@36 The German court was in favour of Oracle, it was The EU prelimary court who turned things around. Germany is a member of The EU = The EU court is the highest! If it`s EU law it`s German law by default.

    The German Consumer Protection Agency is taking Valve slash Steam to court because of the EU prelimany Court ruling, not the other way around.

    If that makes Germany and The EU stoopid and old fashioned I`m fine with that.

    #36 2 years ago
  37. Gnosis

    …I prefer having hard copies, because they look purty in my shelf. Collector’s editions and all that stuff. Would be really disappointing, if they completely removed that :/

    #37 2 years ago
  38. DSB

    Sentimental value, offline capability and dodging download caps are all great arguments for boxed goods. Is it enough to stem the tide? I doubt it, but discs are going to be around as long as they have an audience.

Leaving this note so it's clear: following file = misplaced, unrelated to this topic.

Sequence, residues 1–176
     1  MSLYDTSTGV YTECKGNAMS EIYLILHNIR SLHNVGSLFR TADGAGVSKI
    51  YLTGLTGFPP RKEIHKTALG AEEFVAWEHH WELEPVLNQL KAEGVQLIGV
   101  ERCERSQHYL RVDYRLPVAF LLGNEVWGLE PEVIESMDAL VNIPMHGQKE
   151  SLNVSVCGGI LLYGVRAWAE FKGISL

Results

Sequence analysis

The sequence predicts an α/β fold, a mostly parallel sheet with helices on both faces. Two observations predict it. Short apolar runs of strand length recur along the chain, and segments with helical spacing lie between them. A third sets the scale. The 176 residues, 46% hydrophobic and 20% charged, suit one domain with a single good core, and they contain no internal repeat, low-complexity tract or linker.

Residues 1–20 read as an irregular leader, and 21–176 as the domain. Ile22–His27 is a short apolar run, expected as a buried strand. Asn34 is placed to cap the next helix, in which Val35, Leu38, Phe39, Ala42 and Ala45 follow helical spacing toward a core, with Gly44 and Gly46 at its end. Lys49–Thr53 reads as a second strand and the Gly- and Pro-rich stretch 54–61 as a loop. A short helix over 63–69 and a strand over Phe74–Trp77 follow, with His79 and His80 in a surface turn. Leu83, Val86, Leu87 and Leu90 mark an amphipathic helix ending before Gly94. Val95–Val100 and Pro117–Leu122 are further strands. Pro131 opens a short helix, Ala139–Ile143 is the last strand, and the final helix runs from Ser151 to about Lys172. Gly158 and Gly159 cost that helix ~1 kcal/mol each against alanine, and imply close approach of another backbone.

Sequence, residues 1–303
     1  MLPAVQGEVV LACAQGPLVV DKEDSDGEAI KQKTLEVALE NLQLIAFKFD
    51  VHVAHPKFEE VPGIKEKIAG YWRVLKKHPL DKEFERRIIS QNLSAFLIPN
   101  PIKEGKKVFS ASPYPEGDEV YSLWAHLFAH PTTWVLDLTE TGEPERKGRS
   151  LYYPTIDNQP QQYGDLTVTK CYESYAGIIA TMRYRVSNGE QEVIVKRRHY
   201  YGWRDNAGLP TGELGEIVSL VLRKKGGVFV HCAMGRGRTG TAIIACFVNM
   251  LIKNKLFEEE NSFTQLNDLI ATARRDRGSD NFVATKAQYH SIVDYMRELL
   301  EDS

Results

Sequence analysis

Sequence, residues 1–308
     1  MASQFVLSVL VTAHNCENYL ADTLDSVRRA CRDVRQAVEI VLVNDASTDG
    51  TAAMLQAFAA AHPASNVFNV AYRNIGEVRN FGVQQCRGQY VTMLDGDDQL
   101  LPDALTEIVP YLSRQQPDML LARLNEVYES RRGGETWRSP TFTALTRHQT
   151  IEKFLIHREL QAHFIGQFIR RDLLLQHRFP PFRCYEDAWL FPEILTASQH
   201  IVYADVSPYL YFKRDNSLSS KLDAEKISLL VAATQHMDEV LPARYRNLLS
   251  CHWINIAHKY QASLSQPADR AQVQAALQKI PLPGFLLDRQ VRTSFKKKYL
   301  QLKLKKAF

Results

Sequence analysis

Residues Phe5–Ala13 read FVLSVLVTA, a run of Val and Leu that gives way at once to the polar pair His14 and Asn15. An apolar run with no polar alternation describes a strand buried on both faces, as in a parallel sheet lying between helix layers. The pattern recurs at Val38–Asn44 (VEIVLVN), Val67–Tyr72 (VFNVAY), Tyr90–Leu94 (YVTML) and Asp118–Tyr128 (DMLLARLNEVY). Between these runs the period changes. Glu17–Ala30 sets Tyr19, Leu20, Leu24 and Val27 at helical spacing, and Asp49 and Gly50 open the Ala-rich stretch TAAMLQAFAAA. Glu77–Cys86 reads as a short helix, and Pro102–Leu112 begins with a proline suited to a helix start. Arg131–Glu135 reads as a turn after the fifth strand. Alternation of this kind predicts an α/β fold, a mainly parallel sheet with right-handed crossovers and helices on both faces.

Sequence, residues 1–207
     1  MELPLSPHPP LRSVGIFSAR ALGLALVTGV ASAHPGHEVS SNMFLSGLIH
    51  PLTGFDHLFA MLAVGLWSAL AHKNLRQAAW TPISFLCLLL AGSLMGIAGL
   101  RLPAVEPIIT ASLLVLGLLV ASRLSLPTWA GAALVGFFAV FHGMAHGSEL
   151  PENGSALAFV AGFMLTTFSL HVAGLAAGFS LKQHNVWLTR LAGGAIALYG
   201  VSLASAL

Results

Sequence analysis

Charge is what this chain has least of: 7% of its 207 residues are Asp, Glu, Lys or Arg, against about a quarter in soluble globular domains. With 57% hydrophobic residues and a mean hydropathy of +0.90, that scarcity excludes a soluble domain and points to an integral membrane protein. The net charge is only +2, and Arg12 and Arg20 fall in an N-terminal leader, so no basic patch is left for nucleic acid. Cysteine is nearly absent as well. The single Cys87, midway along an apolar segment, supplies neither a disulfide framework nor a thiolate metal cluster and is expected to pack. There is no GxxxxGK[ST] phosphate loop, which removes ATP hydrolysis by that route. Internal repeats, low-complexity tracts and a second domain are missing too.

They just aren’t nearly as profitable for the producers, and in many cases the things you can’t do with them are leveraged by the convenience.

    I have a pretty huge record collection myself, so I know what that’s like. But I don’t expect things not to develop past that.

    @37 Fair enough, I missed that. I love life too much to try and even study EU legislation and the legal system, but I’m sure you realize that it too is full of holes. Some EU countries have to listen, others can just go “LALALA”.

    Case and point would be the “legalization” of software license reselling. It has absolutely zero bearing on anything that happens in any of those countries, and you will never see it enforced anywhere in its current form.

    The thing is, if everything the EU decided was ultimately enforceable, the entire union would break down, because the countries and values represented are often very different. It pretty much needs to have a great degree of posturing and a minor degree of actual effect.

    #38 2 years ago